κορίτσι refers to a female human ("girl") but is grammatically neuter.
Grammatical gender and natural gender do not always match up.
Similarly, αγόρι is grammatically neuter but refers to a male human ("boy").
You use μια/μία when the word is grammatically feminine, regardless of whether the concept behind the word is a female human.
So you have μια εκλογή "a choice", for example -- choices are neither male nor female, but the word is feminine.
Fortunately in Greek, you can usually tell the gender of a word by looking at its ending:
- masculine: -ος -ας -ης
- feminine: -α -η
- neuter: -ο -ι -μα
But it's not 100% certain (especially -ος which can be any gender but is most often masculine), so it's best to learn the gender together with the word.
Isn't it enoguh just to look at the article? For example, η τράπεζα (the bank), is clearly feminine, whilst του πολίτου (the citizen) should either be masculine or neutral... Might be confusibg when it comes to genitive plural as it's των των των from what I remember...
"Μία" is feminine, like "una" in Italian, or "une" in French. It means both "a" (for feminine nouns) and "one" (again for feminine nouns). As a native speaker, I would argue that "μία" and "μια" can be used interchangeably. However, I'm not aware of any grammar rules that corroborate this; I'm only speaking from experience.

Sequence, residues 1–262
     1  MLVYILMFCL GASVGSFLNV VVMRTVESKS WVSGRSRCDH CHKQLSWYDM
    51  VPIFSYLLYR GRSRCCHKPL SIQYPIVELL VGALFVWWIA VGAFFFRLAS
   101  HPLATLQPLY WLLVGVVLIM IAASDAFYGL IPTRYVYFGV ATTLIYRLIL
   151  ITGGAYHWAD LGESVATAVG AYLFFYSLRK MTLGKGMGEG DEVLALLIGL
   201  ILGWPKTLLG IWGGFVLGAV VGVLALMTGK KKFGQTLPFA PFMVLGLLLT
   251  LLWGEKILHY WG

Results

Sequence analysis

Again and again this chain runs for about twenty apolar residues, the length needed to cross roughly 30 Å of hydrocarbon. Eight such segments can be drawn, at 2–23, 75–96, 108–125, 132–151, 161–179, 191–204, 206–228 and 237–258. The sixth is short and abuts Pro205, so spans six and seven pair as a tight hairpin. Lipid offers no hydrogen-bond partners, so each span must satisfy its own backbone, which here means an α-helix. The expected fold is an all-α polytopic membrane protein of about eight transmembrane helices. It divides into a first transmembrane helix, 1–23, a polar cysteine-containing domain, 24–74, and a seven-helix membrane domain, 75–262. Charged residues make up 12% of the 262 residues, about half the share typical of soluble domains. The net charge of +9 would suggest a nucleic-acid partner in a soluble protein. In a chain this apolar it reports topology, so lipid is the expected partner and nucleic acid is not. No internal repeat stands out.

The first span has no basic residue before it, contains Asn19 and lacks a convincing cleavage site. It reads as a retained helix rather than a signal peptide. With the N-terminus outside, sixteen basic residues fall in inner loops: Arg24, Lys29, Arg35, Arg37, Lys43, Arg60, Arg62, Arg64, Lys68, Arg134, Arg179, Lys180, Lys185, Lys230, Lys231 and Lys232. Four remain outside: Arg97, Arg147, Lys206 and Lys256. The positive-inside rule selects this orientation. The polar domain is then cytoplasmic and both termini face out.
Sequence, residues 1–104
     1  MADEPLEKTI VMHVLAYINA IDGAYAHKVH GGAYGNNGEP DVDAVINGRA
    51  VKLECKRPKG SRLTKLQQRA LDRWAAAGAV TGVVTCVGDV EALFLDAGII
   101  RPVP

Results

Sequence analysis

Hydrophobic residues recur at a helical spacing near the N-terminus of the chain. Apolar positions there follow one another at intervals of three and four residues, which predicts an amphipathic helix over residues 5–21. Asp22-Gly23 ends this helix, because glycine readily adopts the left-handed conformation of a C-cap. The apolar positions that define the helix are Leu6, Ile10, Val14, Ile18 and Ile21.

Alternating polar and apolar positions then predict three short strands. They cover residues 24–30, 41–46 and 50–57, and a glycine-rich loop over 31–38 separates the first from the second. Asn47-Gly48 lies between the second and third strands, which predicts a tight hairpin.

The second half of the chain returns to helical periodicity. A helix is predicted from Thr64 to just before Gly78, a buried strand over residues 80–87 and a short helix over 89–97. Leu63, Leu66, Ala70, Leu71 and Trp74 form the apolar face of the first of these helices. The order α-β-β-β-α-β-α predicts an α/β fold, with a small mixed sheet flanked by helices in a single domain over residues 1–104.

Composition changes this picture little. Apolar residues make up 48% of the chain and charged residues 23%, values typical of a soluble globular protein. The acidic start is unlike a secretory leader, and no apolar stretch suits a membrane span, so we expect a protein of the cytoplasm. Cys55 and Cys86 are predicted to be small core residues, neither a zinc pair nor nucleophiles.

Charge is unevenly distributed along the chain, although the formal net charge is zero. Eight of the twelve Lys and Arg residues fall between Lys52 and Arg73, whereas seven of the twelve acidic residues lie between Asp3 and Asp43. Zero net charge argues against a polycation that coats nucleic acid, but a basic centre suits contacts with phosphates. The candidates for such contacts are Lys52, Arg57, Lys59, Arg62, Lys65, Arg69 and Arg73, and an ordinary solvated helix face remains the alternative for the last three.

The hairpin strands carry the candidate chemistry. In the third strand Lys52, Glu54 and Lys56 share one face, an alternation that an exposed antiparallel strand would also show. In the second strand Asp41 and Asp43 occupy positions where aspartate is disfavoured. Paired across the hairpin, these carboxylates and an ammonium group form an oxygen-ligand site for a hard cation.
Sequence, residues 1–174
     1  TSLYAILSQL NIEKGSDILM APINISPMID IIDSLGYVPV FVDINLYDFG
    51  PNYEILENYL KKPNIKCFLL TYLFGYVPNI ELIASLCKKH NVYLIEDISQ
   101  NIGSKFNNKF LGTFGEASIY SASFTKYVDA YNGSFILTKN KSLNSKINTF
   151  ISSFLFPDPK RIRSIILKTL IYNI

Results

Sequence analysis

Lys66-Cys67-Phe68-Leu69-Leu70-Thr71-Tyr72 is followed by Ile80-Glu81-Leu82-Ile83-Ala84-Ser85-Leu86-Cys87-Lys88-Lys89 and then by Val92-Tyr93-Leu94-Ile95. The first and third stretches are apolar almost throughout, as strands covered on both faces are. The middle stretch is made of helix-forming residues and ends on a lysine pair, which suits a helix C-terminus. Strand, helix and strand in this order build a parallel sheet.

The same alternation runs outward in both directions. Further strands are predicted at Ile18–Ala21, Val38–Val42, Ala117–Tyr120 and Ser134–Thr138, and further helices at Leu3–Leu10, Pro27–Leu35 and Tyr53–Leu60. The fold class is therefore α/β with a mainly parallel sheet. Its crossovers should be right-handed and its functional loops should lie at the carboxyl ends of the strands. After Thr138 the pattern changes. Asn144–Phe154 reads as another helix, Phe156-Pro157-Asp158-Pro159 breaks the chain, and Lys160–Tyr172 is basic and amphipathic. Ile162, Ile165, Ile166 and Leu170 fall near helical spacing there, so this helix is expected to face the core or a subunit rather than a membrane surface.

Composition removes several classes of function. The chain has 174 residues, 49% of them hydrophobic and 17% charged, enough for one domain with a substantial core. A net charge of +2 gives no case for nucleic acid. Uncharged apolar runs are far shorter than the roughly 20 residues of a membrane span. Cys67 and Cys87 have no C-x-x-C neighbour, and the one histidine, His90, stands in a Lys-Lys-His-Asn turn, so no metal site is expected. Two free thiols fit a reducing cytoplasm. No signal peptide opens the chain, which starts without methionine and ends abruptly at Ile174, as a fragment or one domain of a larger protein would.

It's your first example: "ego immeemiajinneeka".
Both αι and αί produce the same sound as ε, notice it is present in γυναίκα too. However in άι the α and ι are independent again e.g. γάιδαρος
For listening examples, the Greek TTS in Google Translate is generally pretty good. If you click the speaker button it will play the audio at normal speed, click it twice and it will play again slowly, and a third time will be at normal speed again. To slow it down further you could put a full stop after each word like this:
You might also like Forvo, where people upload audio recordings of themselves saying various words and phrases (just be sure not to get the Ancient Greek and Modern Greek recordings mixed up):
The verb is είμαι.
That form is only used for "I am" (not for "you are" or "he is", for example), so you can tell just from that word that it's "I am".
But you can still add the "I" explicitly before it. εγώ is the word that means "I". It doesn't mean "I am" by itself.
It’s not an AI. All the accepted alternatives have to be entered by hand by volunteers.
Therefore, I recommend that you stick to the obvious or most natural translation, which shows that you have understood the Greek sentence, even if it does not showcase how erudite you are or how flexible your language is.
I try to do that. My normal native English (from Washington State) the game rejects about once per every other lesson. I have to actively remember to think about what weird-to-me English satisfies the app, which I can easily forget due the Greek or Spanish taking up the majority of my attention.